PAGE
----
Propagandhi: Worth the wait
It took Propagandhi five years to release a follow-up to 2012’s Failed States, but for fans Victory Lap was worth the wait. The Winnipeg-based progressive thrash band played shows sporadically since winding up its last tour in the summer of 2013, making a major personnel change along the way when guitarist David “The Beaver” Guillas left the band in 2015 to focus on teaching. Longtime Propagandhi fan Sulynn Hago caught the band’s attention and made her debut with as the newest member at a pair of hometown shows in December. The guitarist from Tampa Bay fit in with the Canadians from the first rehearsal, solidifying Propagandhi’s future of political proselytizing for years to come.
Propagandhi originated as a trio 31 years ago, although the bond between singer-guitarist-singer Chris Hannah and drummer Jord Samolesky dates back further. Exposure to punk and hardcore bands espousing radical worldviews transformed the Canadian metalheads, and after hooking up with a bassist they began building a song catalog addressing the spectrum of leftist causes. Although Propagandhi would sign with independent punk label Fat Wreck Chords by the mid-’90s, its focus on personal political responsibility set it apart from that label’s roster of acts that came up in SoCal’s hard-partying surf, skate and snowboard scenes.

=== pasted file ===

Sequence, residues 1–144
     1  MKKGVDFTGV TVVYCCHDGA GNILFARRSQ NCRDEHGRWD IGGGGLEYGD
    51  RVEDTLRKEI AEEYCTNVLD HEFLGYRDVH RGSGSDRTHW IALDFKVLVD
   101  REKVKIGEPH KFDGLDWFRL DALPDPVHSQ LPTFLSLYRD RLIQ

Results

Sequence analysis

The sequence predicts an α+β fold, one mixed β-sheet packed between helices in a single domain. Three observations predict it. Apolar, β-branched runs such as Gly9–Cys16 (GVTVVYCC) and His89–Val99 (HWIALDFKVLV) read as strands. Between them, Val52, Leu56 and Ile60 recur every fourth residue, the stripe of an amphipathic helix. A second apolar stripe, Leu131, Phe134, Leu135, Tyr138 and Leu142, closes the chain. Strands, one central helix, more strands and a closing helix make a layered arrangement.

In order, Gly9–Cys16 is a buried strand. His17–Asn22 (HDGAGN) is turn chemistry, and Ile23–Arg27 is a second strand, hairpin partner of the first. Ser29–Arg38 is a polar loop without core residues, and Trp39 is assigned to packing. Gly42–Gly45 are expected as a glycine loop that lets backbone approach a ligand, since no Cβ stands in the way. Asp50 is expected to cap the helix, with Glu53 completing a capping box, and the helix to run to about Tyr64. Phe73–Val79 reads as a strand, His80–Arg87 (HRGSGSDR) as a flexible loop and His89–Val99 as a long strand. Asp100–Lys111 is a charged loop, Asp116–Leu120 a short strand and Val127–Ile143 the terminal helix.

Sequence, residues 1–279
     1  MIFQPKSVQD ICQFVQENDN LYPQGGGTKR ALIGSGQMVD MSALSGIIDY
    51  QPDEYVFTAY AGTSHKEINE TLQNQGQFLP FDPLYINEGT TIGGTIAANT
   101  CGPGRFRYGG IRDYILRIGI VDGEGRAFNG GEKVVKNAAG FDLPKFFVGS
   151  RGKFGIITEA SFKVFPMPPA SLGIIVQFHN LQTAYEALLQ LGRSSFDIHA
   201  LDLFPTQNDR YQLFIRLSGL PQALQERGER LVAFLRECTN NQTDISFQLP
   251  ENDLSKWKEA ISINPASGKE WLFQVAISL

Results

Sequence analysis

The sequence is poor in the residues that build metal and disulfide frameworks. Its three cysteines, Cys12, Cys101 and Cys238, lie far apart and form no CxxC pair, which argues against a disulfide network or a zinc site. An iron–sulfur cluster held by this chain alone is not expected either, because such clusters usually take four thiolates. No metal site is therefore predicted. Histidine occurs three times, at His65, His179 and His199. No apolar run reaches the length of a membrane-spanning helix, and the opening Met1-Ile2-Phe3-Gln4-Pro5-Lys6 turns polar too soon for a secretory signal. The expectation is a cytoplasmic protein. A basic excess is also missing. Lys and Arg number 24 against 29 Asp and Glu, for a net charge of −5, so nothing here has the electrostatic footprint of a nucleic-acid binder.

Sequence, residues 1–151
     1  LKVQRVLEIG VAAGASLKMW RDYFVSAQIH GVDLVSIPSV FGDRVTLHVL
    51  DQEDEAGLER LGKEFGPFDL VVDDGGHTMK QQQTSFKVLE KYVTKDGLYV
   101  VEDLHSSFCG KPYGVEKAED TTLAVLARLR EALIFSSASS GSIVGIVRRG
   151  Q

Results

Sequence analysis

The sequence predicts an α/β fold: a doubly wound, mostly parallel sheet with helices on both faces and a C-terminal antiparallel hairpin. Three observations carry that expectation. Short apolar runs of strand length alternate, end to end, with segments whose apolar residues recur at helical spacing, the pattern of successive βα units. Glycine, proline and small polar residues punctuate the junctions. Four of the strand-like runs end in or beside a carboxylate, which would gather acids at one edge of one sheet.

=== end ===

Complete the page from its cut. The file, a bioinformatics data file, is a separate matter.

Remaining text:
Propagandhi’s sound began to stand out more and more too, as the band members drew on their metal roots and the influence of the politically conscious thrash-metal/hardcore punk crossover bands of their youth became more conspicuous. Propagandhi were tighter musically and more urgent stylistically than much of their underground brethren, due in no small part to Samolesky’s propulsive drumming and Hannah’s increasingly complex riffage. Bassist Todd Kowalski came on board before the release of 2001’s Today's Empire, Tomorrow's Ashes, and by 2006 the band became a foursome after recruiting Guillas to double-up on power chords and add his own touches of nuance.
Hago adds those touches now and wound up contributing to nearly every song on Victory Lap, which was release on Epitaph Records in September. The Puerto Rican-born guitarist shares Hannah’s and Guillas’ fondness for power-chording through Gibson SG guitars, but she also colors the songs differently than her predecessor and, according to Hannah, adds an extra dimension of energy to the band’s live performance that makes Propagandhi more exciting to experience in concert. It’s safe to predict she’ll be on board long term, if the name of the band’s seventh studio album is not an indication that the end is near.
Victory Lap has become Propagandhi’s fastest selling album, reaching No. 68 on the Billboard 200 and infiltrating the Top Five Hard Rock and Independent Albums charts. Hannah is less concerned about chart positions that the idea that the band’s messages are reaching more listeners, although he was stoked to find out the title song from the new album was played during the Edmonton Oilers warm-up for this season’s opening night. With this kind of momentum and Hago kicking out the jams with her effervescent energy, Propagandhi could have many laps to go before crossing the finish line.
Hard Rock Hotel, 8 p.m. Nov. 16, starting at $21 plus tax and fee. 888.929.7849